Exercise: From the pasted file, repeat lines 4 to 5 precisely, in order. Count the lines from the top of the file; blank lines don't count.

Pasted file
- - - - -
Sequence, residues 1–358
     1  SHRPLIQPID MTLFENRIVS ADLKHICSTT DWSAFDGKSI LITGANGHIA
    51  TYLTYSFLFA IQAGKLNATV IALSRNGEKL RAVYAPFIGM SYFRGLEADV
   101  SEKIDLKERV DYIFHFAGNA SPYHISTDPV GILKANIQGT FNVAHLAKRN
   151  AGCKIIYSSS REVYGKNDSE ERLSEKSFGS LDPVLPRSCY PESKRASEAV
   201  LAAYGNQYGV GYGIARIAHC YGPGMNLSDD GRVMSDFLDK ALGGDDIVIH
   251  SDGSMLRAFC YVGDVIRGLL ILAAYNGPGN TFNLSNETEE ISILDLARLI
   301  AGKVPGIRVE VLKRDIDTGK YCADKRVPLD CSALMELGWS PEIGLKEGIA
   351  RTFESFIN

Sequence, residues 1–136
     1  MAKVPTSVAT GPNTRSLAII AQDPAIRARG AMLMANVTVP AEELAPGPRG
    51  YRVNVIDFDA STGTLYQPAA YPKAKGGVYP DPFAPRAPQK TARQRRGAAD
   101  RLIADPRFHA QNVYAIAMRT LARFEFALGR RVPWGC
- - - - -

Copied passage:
   101  SEKIDLKERV DYIFHFAGNA SPYHISTDPV GILKANIQGT FNVAHLAKRN
   151  AGCKIIYSSS REVYGKNDSE ERLSEKSFGS LDPVLPRSCY PESKRASEAV